It explains that “as a means of dealing with the constantly rising crime problem, the Jamaican criminal justice system employs the concept of fight fire with fire. As a result criminal justice in Jamaica is immensely flawed. If justice means the fair, moral and impartial treatment of all under the law then it is safe to say that the Jamaican criminal justice system lacks the most important component, that of justice.”

The United States government has also criticized Jamaica’s justice system in a March 13, 2013 Edmund Campbell article in the Jamaica Gleaner titled, “Jamaica's justice system under US criticism” accessed on November 13, 2015 at jamaica-gleaner.com/gleaner/20130313/news/news5.html, which said that “Jamaica’s ailing justice system came in for sharp criticism from the US Department of State in its 2013 International Narcotics Control Country Strategy Report (INCSR), which has been submitted to the US Congress for review.”

It said that Jamaica’s “criminal justice system is overburdened, underfunded and sluggish” and that “progress had been made in combating narcotics, trafficking and corruption, but this effort has been hobbled by a justice system with limited effectiveness in obtaining criminal convictions.”

According to the article, “the Government and law-enforcement authorities were committed to combating narcotics and trafficking. However, despite competent leadership and political will, their efforts were only moderately effective in 2012 because of a lack of sufficient resources, corruption, and an inefficient criminal justice system."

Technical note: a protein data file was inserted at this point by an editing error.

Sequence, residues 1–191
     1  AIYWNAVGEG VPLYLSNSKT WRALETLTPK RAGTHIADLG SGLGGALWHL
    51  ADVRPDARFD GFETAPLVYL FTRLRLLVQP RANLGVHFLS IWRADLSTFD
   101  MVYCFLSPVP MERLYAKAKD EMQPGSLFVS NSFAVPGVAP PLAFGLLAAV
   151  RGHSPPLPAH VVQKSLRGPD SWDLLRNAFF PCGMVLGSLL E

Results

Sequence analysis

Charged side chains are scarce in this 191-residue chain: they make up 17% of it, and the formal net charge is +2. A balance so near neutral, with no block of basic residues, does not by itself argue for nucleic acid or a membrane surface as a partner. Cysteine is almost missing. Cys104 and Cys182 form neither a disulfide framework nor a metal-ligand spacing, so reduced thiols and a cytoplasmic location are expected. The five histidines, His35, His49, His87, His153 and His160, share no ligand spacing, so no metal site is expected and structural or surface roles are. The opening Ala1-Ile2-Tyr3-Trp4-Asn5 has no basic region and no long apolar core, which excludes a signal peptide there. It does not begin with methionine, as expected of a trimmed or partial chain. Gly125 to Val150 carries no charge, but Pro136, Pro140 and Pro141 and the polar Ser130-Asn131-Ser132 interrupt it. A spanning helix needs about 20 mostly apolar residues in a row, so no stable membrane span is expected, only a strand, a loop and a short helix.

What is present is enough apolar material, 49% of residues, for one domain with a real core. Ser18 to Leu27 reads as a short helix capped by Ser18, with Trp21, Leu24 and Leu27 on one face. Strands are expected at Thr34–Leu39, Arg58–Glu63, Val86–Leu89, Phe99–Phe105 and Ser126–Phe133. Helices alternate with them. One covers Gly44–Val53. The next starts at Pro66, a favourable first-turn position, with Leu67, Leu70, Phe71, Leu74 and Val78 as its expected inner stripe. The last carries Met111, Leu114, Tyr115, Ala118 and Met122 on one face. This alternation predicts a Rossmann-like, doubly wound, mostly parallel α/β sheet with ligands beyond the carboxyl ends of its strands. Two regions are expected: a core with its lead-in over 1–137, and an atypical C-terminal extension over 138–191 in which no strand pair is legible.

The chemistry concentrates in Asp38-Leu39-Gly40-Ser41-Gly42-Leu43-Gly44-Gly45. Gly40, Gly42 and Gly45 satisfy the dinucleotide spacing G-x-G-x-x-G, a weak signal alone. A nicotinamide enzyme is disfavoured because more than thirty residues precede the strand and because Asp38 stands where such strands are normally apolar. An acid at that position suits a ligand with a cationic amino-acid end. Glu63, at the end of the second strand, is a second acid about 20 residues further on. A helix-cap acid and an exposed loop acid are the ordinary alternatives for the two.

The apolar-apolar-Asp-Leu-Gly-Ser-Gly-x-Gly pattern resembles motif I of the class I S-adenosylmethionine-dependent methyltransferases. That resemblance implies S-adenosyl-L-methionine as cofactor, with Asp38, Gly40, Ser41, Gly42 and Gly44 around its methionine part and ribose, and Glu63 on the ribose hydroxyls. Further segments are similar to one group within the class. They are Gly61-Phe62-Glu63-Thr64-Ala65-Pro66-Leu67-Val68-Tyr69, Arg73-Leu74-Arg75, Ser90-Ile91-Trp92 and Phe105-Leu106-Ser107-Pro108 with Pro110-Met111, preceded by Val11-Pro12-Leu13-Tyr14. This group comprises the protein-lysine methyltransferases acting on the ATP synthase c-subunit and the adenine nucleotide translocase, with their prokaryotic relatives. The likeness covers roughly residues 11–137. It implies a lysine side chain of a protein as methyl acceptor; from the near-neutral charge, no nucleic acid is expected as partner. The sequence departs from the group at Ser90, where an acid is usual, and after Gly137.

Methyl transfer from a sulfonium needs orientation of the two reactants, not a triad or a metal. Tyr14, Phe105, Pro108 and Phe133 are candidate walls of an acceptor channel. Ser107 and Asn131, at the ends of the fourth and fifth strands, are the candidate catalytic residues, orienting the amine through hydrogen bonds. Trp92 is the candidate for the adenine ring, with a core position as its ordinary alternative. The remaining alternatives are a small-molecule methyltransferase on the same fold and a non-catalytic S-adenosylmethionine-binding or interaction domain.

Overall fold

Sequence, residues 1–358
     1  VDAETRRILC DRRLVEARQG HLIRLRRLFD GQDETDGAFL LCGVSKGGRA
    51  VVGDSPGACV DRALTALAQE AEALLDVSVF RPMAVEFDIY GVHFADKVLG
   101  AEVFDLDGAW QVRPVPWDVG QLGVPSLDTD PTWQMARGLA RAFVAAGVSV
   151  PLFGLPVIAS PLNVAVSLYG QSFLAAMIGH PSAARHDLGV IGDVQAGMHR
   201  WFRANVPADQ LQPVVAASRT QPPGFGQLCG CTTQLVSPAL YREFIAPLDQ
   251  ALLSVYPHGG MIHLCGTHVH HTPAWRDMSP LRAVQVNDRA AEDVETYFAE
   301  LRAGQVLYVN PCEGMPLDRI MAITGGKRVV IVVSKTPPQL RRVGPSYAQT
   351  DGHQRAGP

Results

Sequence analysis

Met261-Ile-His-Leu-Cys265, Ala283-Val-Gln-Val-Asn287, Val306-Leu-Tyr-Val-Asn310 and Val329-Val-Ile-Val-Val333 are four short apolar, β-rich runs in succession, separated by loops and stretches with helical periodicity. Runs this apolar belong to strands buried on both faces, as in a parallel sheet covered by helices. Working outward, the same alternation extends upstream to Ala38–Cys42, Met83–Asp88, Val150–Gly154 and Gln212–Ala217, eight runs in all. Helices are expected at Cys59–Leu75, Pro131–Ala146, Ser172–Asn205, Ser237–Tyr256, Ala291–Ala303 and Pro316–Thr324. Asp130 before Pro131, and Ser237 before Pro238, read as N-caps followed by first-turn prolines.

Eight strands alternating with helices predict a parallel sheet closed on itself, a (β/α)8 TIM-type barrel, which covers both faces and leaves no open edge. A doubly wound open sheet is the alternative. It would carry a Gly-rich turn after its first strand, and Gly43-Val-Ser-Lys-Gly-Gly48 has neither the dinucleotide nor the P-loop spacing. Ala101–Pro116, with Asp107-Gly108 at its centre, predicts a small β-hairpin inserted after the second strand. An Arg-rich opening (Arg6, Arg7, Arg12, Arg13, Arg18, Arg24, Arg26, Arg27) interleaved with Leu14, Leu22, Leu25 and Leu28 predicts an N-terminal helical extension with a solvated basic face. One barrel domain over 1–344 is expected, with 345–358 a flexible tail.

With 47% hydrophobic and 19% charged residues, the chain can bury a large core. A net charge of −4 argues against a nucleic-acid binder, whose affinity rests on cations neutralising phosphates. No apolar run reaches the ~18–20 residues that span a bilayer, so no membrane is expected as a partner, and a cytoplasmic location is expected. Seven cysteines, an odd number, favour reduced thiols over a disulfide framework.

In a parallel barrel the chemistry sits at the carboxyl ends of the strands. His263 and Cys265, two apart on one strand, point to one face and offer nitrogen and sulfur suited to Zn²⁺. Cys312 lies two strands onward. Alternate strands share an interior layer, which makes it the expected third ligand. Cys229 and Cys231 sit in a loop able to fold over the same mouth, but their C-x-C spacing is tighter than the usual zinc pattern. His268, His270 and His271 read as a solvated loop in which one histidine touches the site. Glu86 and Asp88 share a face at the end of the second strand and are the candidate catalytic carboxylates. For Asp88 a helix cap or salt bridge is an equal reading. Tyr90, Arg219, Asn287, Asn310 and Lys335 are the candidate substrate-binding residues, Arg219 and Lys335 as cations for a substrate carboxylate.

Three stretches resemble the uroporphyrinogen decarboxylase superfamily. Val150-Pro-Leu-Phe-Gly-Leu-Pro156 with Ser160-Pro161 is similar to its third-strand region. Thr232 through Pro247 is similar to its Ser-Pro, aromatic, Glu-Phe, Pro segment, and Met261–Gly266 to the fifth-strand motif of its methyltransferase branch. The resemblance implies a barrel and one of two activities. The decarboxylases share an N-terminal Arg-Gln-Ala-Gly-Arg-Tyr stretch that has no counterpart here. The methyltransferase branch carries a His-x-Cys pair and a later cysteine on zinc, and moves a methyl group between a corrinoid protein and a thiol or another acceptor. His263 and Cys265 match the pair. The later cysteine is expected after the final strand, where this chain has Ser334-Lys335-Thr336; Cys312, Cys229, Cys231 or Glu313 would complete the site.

The report put the conviction rate for murder in Jamaica at five per cent, adding that “a culture of trial postponements and delay could be contributory factors to the low out-turn. This lack of efficacy contributes to impunity for many of the worst criminal offenders and gangs, an abnormally high rate of violent crimes, lack of cooperation by witnesses and jurors, frustration among police officers and the public, a significant social cost and drain on the economy, and a disincentive for international investment.”

And according to Wikipedia’s “Gun Court” accessed on November 9, 2015 at https://en.wikipedia.org/wiki/Gun_Court, “The Gun Court has faced criticism on several fronts, most notably for its departure from traditional practices, for its large backlog of cases, and for the continuing escalation in gun violence since its institution.” Regarding the lack of jury trial it concluded that “the Constitution had been shorn of its most potent and ancient safeguard, trial by jury.”

So while there may be more reasons for not supporting the CCJ at this time, Issa’s concerns are the ineffectiveness and inefficiency of the lower court system which needs to be fixed first. Like the RMC, he is not questioning the integrity of Jamaican and Caribbean judges nor is he afraid that politics will creep into the CCJ.

“I just think there is too much to fix in Jamaica’s justice system to have to take on more…let’s first fix it and get it working properly before we can start looking at the CCJ as our final court of appeal,” Issa stressed.